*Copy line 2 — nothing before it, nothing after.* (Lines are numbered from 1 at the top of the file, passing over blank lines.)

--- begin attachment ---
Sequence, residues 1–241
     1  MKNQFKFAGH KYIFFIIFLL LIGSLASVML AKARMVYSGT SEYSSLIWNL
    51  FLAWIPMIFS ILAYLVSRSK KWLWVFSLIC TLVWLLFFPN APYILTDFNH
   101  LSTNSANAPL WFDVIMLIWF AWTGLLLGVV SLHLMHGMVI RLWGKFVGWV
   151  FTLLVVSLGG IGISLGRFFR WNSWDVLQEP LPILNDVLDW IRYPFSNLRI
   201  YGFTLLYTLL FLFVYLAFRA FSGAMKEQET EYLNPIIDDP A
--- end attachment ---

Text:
     1  MKNQFKFAGH KYIFFIIFLL LIGSLASVML AKARMVYSGT SEYSSLIWNL